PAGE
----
Selective mixins; who can improve on this?

Discussion in 'Ruby' started by Kirk Haines, Aug 1, 2005.

  1. Kirk Haines

    Kirk Haines Guest

    So, on #ruby-lang an hour ago, Daniel Berger asked for ideas to make some
    non-working code of his work. He's trying to come up with a way to
    selectively mixin methods from a module into a class.

    After some tinkering, I came up with this working, but ugly and definitely
    improveable code to do it:

    class Module
    def use(mod, *methods)
    c = Class.new
    # Make a singleton that mixes everything in, so that we can cherrypick.
    eval("class << c; include #{mod}; end")

    methods.each do |m|
    # There has to be a more elegant way to do this.
    m_sym = m.to_sym
    mc_sym = m.to_s.upcase.to_sym
    um = c.method(m_sym)
    self.const_set(mc_sym,um)
    self.class_eval("def #{m.to_s}; #{mc_sym.to_s}.call; end")
    end
    end
    end


    module Foo
    def a; 'abc'; end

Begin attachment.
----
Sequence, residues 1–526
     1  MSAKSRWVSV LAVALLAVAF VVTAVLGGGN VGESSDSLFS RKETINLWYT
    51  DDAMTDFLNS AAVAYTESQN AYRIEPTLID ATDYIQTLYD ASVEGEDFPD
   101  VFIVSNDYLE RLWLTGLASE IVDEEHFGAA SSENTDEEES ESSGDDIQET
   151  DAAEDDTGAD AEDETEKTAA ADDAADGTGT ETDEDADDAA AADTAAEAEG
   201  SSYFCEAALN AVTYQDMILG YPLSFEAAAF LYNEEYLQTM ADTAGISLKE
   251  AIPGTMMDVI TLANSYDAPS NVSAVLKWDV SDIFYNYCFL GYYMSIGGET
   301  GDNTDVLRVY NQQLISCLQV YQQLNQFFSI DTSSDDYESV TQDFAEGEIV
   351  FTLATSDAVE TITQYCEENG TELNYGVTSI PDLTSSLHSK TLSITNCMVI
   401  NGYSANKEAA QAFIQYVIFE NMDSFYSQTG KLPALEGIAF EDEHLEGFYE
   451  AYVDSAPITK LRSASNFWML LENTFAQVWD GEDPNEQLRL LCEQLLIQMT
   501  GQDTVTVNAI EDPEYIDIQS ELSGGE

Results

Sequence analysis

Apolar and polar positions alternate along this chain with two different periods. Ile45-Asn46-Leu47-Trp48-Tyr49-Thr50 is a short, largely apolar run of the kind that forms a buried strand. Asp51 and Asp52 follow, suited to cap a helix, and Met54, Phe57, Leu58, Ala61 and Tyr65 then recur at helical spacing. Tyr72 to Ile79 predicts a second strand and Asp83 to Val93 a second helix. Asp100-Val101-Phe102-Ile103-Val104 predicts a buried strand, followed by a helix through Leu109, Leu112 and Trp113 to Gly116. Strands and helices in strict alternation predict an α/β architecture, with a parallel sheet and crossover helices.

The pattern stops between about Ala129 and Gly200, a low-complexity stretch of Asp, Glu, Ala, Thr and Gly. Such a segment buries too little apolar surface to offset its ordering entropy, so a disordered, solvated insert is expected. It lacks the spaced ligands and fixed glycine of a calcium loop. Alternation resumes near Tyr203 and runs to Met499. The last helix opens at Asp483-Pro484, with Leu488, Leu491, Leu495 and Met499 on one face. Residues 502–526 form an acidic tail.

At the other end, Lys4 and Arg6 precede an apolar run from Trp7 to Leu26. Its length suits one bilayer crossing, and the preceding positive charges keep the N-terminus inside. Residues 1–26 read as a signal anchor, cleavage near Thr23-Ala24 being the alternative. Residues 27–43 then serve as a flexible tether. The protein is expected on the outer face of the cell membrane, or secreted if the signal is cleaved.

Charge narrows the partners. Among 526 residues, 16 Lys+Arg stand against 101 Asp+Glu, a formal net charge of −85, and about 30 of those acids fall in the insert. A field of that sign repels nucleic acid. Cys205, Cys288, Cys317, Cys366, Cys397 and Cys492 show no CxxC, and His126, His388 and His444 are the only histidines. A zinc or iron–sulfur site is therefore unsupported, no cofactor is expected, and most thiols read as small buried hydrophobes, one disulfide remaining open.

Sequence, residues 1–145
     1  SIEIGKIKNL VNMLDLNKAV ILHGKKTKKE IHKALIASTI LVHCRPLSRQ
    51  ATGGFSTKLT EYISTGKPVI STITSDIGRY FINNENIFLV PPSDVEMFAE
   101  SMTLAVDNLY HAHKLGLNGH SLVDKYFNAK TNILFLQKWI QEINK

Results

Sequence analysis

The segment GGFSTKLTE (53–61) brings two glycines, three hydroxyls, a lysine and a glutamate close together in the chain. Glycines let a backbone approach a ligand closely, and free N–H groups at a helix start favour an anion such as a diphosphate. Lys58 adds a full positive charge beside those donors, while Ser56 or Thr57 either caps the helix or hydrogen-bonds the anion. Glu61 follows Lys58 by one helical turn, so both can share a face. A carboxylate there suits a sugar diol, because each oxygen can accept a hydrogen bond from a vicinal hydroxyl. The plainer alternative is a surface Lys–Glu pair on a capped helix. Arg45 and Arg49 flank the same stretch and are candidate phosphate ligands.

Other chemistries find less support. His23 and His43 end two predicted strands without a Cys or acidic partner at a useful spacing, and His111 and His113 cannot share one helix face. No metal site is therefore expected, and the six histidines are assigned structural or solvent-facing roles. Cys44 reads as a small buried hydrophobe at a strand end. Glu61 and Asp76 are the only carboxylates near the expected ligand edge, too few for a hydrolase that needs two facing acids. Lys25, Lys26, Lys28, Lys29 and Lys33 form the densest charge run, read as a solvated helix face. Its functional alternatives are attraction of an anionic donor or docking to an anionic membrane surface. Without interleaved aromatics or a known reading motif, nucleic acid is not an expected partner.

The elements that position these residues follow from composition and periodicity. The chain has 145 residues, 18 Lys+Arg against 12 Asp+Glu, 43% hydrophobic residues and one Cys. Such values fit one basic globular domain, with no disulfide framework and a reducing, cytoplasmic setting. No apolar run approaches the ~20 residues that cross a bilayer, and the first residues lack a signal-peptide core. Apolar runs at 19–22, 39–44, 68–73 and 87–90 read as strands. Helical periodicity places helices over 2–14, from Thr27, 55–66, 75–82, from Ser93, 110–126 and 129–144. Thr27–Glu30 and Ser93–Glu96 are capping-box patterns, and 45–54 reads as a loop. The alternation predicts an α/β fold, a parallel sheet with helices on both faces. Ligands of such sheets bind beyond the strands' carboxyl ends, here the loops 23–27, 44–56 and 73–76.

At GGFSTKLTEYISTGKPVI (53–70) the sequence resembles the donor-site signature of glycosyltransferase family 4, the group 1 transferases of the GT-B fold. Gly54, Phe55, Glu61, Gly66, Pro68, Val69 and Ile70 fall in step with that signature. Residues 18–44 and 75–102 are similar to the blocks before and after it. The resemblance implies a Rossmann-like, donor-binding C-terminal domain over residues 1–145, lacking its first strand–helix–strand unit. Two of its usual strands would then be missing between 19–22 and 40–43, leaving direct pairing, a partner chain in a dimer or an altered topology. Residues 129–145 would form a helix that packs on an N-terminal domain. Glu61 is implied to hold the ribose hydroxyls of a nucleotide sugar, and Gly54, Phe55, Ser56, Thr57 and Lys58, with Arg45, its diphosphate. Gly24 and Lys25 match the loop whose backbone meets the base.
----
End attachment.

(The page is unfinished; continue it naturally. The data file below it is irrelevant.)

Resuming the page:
def z; 'xyz'; end
    end

    class Bing
    use(Foo, :a, 'z')
    end

    x = Bing.new
    p x.a
    p x.z


    There has to be a more elegant way to do this. What is it?


    Kirk Haines
     
    Kirk Haines, Aug 1, 2005
    #1
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  2. Kirk Haines

    Trans Guest

    Kirk Haines wrote:
    > So, on #ruby-lang an hour ago, Daniel Berger asked for ideas to make some
    > non-working code of his work. He's trying to come up with a way to
    > selectively mixin methods from a module into a class.
    >
    > After some tinkering, I came up with this working, but ugly and definitely
    > improveable code to do it:
    >
    > class Module
    > def use(mod, *methods)
    > c = Class.new
    > # Make a singleton that mixes everything in, so that we can cherrypick.